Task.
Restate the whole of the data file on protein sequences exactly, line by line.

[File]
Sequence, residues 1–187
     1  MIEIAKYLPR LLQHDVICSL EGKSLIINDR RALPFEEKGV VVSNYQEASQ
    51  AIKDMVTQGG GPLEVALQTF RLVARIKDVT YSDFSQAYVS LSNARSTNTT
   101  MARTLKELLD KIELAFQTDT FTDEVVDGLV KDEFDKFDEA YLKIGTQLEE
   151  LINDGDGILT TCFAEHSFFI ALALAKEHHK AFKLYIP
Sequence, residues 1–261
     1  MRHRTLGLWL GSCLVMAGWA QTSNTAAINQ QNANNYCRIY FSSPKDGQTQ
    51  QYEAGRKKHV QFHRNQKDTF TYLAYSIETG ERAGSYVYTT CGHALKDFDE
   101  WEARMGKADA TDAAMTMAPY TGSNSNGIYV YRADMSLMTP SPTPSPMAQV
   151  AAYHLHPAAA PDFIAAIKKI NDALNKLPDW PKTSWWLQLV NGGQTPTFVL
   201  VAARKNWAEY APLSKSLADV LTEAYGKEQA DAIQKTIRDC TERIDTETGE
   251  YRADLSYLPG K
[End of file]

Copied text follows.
Sequence, residues 1–187
     1  MIEIAKYLPR LLQHDVICSL EGKSLIINDR RALPFEEKGV VVSNYQEASQ
    51  AIKDMVTQGG GPLEVALQTF RLVARIKDVT YSDFSQAYVS LSNARSTNTT
   101  MARTLKELLD KIELAFQTDT FTDEVVDGLV KDEFDKFDEA YLKIGTQLEE
   151  LINDGDGILT TCFAEHSFFI ALALAKEHHK AFKLYIP
Sequence, residues 1–261
     1  MRHRTLGLWL GSCLVMAGWA QTSNTAAINQ QNANNYCRIY FSSPKDGQTQ
    51  QYEAGRKKHV QFHRNQKDTF TYLAYSIETG ERAGSYVYTT CGHALKDFDE
   101  WEARMGKADA TDAAMTMAPY TGSNSNGIYV YRADMSLMTP SPTPSPMAQV
   151  AAYHLHPAAA PDFIAAIKKI NDALNKLPDW PKTSWWLQLV NGGQTPTFVL
   201  VAARKNWAEY APLSKSLADV LTEAYGKEQA DAIQKTIRDC TERIDTETGE
   251  YRADLSYLPG K